- Markus Buehler
- Researchers at the Massachusetts Institute of Technology aren’t only looking at the novel coronavirus, SARS-CoV-2, through a microscope, they are hearing it in musical form.
- Markus Buehler, material scientist and professor of engineering at MIT, described to Business Insider how he and his lab translated the structure of the coronavirus protein into a musical composition.
- Not only is it a new perspective into observing the virus, but Buehler said future applications of this data could help design antibodies that could counteract human infection with the coronavirus, which causes the respiratory illness COVID-19.
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Amid an unprecedented pandemic, researchers have been rushing to understand the novel coronavirus, which causes the respiratory illness known as COVID-19.
While some are taking the traditional route of visually looking at the virus, dubbed SARS-CoV-2, under a microscope, researchers at the Massachusetts Institute of Technology are using another sense to study the coronavirus: hearing.
Markus Buehler, a material scientist and professor of engineering at MIT, told Business Insider that his lab, which specializes in the study of biological materials, had taken the approach of sonification – the process of conveying data in audio format – to protein materials, namely SARS-CoV-2.
“When we go to the nano scale, we’re actually looking at, basically, the atoms at the scale of individual molecules,” Buehler said. “We realized that matter is always moving and vibrating because every atom is continuously shaking, so because of that, we can make any chemical structure into a sound.”
His lab had previously applied sonification to materials like spiderweb silk and organ cells and soon became interested in creating a musical representation of the coronavirus protein.
Using machine learning and AI technology, Buehler said he and his team were able to “calculate the vibrational spectrum and make that audible,” thus creating overlapping “melodies” that would ultimately create a composition or audible representation of the protein.
“When we translate the protein into sound and music, we basically follow the sequence by which these proteins are constructed – you can imagine this being a piano with 20 keys,” Buehler said. “Each key has a unique sound, but this sound isn’t a sound that comes from a string or a drum membrane or a trumpet.”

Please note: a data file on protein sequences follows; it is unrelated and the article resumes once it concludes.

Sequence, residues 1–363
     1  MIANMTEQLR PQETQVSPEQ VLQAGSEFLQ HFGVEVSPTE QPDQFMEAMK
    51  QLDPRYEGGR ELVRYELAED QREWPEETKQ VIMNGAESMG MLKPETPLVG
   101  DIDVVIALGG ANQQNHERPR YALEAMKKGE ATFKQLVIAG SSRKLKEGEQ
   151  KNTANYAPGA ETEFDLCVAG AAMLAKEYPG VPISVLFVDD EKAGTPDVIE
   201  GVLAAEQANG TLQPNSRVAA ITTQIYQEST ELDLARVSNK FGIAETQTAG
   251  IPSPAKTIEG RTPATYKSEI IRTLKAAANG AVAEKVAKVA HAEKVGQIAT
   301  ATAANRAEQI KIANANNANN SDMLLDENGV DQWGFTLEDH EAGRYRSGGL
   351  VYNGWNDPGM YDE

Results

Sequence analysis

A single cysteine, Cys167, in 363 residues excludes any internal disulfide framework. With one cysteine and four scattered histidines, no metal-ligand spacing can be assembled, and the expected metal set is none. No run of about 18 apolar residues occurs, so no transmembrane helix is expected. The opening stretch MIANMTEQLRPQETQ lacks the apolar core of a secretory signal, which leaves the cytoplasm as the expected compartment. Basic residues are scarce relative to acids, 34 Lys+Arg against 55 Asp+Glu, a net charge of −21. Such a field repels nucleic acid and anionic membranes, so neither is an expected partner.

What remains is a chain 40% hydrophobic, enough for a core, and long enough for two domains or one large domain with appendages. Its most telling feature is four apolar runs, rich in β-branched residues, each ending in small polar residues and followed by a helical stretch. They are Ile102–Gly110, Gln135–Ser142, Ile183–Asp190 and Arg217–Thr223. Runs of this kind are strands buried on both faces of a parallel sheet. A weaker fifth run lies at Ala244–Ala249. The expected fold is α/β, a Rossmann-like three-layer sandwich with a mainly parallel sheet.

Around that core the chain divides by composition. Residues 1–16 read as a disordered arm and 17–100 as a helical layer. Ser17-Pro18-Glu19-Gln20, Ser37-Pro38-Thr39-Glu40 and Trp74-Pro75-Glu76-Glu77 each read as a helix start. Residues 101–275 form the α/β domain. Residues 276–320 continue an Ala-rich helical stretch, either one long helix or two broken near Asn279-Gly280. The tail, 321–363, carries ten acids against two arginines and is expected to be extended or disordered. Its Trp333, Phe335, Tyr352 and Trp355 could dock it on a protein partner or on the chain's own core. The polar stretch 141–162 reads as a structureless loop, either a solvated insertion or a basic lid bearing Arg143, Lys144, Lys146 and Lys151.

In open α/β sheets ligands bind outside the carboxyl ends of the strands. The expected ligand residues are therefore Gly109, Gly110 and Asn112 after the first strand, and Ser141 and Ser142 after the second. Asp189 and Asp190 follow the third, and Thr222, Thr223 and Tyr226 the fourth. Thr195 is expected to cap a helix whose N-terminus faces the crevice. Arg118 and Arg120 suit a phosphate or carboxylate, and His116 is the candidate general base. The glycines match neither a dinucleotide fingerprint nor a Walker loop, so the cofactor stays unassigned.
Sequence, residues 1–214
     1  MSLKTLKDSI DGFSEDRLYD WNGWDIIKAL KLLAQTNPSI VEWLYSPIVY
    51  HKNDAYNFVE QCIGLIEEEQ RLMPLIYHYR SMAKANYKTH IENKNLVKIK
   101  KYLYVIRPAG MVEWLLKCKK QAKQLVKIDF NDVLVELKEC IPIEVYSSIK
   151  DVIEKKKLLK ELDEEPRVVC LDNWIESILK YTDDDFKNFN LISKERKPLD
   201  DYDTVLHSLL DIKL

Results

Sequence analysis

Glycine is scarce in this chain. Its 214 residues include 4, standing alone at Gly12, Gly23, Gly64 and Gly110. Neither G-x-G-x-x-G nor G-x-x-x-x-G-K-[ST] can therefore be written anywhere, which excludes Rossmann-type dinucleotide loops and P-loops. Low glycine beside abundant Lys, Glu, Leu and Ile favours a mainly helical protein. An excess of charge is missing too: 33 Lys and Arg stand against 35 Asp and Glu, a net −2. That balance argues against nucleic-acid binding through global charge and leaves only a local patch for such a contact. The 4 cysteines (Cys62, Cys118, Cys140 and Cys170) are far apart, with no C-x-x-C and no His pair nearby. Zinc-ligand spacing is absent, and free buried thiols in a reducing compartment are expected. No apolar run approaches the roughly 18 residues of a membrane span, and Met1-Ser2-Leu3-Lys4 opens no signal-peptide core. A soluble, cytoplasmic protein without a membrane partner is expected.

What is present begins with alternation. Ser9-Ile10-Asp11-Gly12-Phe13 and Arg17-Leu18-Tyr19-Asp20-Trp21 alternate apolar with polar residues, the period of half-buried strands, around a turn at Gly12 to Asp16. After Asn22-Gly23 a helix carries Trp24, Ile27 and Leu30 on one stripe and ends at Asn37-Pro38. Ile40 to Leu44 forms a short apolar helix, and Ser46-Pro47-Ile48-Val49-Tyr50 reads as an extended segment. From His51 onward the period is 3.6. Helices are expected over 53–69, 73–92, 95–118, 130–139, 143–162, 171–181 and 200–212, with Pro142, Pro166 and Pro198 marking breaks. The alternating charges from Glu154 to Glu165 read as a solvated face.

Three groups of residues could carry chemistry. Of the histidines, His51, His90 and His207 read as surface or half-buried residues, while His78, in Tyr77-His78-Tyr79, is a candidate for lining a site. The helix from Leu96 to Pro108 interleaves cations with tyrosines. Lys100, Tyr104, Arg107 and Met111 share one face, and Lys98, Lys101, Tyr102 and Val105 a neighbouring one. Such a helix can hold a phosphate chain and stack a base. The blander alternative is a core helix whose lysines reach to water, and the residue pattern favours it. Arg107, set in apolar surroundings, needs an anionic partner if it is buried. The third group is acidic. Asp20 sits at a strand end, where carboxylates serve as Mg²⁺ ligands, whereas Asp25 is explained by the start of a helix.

- Corona Borealis Studio/Shutterstock
“It’s a sound that actually comes from the real vibrations off of chemical building blocks,” he continued.
Apart from being a new approach to observing the virus, Buehler told Business Insider that he believes there is a scientific application that could bring us closer to a solution to the pandemic.
“It has a real scientific application because once we have a description of matter and sound, … these can be set into an artificial neural network,” he said. “We can listen to it as humans, and begin to understand how proteins sound like and how mutations sound like.”
Buehler added that it is easier to hear abnormalities in the structure of a protein rather than scrutinizing data and looking at it under a microscope at the nano-level.
“It’s … incredible to hear the kind of structures in there that you don’t really see,” he said. “If you just look at the letters, you don’t see it. But if you listen to it, you can hear incredible detail in there.”
Looking to the future, Buehler said the sonification research could potentially be used to design a protein that can counteract the coronavirus.
“In the case of coronavirus, we were interested in developing antibiotic candidates,” Buehler said. “So we’re feeding the information about how the spike protein is built, and we’re trying to ask the artificial neural network to design a protein that fits like a lock-and-key into the spike protein, so the spike protein can no longer meet or match the human cell during the infection, but we’d rather bind into the antibody.”
Hannah Davis, a programmer who works with data sonification as well and was not part of Beuhler’s research, worked on an algorithm transposing literature into music. She told Business Insider that she thought Buehler and his lab were able to decide on pleasant notes to map different parts of data, but what is interesting to her is the functional purpose of their study.
- Arkadiusz Stankiewicz/Agencja Gazeta/via REUTERS
“What’s particularly interesting about this use case, to me, is less the music and more the functional sonification component – that they’re using it to find a particular deviation in the pattern,” she wrote in an email to Business Insider. “To do that they’ll have to train their ears to learn the ‘legend’ of the sonification – to know what ‘sounds normal’ versus what might be worth paying better attention to.”
“It’s a way to almost subconsciously pick up on deviations from the data after listening to enough of it, she continued. “I’m not sure it’s necessarily a path to a cure, but it’s a very interesting reason to use sonification, and I’ll be curious to see what comes of it!”